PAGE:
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Ruth 2:2

    Ruth 2:2 Translations

    King James Version (KJV)

    And Ruth the Moabitess said unto Naomi, Let me now go to the field, and glean ears of corn after him in whose sight I shall find grace. And she said unto her, Go, my daughter.

    American King James Version (AKJV)

    And Ruth the Moabitess said to Naomi, Let me now go to the field, and glean ears of corn after him in whose sight I shall find grace. And she said to her, Go, my daughter.

    American Standard Version (ASV)

    And Ruth the Moabitess said unto Naomi, Let me now go to the field, and glean among the ears of grain after him in whose sight I shall find favor. And she said unto her, Go, my daughter.

    Basic English Translation (BBE)

    And Ruth the Moabitess said to Naomi, Now let me go into the field and take up the heads of grain after him in whose eyes I may have grace. And she said to her, Go, my daughter.

    Webster's Revision

    And Ruth the Moabitess said unto Naomi, Let me now go to the field, and glean among the ears of grain after him in whose sight I shall find favor. And she said unto her, Go, my daughter.

    World English Bible

    Ruth the Moabitess said to Naomi, "Let me now go to the field, and glean among the ears of grain after him in whose sight I shall find favor." She said to her, "Go, my daughter."

    English Revised Version (ERV)

    And Ruth the Moabitess said unto Naomi, Let me now go to the field, and glean among the ears of corn after him in whose sight I shall find grace. And she said unto her, Go, my daughter.

    Definitions for Ruth 2:2

    Grace - Kindness; favor.
    Let - To hinder or obstruct.

    Clarke's Commentary on Ruth 2:2

    Glean ears of corn - The word glean comes from the French glaner, to gather ears or grains of corn. This was formerly a general custom in England and Ireland; the poor went into the fields and collected the straggling ears of corn after the reapers; and it was long supposed that this was their right, and that the law recognized it. But although it has been an old custom, I find that it is now settled, by a solemn judgment in the court of common pleas, that a right to glean in the harvest field cannot be claimed by any person at common law; see Law Dictionary, article gleaning. Any person may permit or prevent it in his own grounds. By the Irish acts, 25 Hen. VIII., c. 1, and 28 Hen. VIII., c. 24, gleaning and leasing are so restricted as to be in fact prohibited in that part of the United Kingdom. See the note on Leviticus 19:9.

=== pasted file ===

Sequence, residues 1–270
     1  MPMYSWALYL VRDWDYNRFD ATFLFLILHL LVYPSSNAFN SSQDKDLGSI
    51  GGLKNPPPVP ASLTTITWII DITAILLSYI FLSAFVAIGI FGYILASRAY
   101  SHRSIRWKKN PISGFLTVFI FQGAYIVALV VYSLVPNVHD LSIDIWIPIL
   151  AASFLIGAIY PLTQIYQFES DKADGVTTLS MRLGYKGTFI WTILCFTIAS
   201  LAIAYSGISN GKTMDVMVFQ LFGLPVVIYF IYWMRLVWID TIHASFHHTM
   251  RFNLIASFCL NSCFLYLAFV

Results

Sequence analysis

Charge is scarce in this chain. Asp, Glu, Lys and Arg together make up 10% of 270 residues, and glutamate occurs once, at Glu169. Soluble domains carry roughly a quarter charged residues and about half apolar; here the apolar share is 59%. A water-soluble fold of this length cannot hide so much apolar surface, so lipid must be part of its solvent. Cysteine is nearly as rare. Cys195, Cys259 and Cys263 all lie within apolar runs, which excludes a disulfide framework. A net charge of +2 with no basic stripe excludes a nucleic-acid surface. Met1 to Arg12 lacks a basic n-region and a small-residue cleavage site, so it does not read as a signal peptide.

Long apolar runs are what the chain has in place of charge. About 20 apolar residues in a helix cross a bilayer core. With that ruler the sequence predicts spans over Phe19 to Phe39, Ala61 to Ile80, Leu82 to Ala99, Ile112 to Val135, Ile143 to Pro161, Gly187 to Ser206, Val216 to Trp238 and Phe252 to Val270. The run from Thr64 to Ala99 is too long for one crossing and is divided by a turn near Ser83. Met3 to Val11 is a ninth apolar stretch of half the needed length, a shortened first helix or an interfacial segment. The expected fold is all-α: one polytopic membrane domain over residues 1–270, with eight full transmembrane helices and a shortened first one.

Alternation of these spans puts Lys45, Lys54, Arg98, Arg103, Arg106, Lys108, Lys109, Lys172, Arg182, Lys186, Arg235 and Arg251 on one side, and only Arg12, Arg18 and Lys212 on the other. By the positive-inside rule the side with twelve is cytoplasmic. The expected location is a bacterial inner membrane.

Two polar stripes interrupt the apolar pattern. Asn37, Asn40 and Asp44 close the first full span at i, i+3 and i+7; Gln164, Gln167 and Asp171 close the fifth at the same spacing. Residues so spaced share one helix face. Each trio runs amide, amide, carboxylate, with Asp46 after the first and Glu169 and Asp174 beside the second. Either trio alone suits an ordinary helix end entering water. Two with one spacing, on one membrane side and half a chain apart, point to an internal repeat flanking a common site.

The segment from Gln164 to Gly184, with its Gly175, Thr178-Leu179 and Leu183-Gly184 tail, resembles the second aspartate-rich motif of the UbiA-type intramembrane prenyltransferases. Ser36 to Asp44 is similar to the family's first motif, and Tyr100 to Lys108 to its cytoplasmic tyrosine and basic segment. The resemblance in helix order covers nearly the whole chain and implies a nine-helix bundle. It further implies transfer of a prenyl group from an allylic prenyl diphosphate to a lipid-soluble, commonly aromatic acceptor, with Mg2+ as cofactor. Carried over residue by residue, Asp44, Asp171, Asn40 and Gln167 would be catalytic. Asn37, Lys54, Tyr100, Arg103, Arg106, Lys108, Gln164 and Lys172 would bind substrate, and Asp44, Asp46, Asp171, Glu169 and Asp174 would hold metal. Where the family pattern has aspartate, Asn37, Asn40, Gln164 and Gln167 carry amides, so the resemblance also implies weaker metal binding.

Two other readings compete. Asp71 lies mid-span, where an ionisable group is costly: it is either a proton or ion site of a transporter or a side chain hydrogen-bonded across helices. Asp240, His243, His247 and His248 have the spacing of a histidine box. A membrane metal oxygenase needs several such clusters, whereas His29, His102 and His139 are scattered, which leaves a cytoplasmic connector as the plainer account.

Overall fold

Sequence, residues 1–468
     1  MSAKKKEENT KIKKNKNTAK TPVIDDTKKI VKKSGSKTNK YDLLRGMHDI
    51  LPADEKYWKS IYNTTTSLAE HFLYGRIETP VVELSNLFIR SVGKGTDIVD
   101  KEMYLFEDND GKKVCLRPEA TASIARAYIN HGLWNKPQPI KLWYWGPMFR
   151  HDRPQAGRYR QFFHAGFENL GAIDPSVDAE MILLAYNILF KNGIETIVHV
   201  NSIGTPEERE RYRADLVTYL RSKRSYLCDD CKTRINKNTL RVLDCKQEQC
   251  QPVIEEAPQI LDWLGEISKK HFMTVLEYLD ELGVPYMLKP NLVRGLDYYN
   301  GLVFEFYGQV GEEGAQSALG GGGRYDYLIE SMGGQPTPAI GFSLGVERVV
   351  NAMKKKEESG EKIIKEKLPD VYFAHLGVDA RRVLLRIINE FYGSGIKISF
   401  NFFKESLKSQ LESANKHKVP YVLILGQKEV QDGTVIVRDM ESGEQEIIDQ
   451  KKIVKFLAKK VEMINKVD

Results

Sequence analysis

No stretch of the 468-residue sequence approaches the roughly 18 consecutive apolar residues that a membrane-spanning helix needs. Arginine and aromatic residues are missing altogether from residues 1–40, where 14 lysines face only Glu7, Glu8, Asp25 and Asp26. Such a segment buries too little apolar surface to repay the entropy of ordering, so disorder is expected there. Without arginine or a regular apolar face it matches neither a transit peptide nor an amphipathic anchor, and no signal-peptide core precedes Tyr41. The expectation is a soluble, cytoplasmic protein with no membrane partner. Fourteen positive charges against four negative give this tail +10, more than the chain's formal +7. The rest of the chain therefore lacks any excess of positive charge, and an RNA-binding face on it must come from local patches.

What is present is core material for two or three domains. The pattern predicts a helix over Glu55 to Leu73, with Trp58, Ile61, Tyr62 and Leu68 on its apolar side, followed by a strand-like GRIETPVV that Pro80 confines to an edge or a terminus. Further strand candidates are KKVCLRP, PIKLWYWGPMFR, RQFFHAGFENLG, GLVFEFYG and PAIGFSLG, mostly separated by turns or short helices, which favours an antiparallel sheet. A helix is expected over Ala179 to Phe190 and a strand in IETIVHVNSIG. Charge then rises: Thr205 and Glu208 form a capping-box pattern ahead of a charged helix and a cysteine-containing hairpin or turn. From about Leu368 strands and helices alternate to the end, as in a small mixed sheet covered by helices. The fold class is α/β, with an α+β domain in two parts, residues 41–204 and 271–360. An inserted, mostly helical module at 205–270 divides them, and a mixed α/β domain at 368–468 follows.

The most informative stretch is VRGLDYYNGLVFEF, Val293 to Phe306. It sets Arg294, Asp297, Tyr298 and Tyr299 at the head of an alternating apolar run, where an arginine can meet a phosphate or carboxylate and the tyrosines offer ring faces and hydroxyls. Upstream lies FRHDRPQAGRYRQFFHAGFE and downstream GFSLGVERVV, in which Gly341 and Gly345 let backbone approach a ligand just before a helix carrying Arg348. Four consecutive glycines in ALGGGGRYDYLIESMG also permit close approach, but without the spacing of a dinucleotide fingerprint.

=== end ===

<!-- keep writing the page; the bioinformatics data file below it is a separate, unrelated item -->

After him in whose sight I shall find grace - She did not mean Boaz; but she purposed to go out where they were now reaping, and glean after any person who might permit her, or use her in a friendly manner. The words seem to intimate that, notwithstanding the law of Moses, the gleaners might be prevented by the owner of the field.

    Wesley's Notes on Ruth 2:2

    2:2 Glean - Which was permitted to the poor, and the stranger, Deut 24:19, nor was she ashamed to confess her poverty, nor would she eat the bread of idleness. In whose sight - For though it was their duty to permit this, yet she thought it might perhaps be denied her; at least, that it became her modestly and humbly to acknowledge their kindness herein.
    Book: Ruth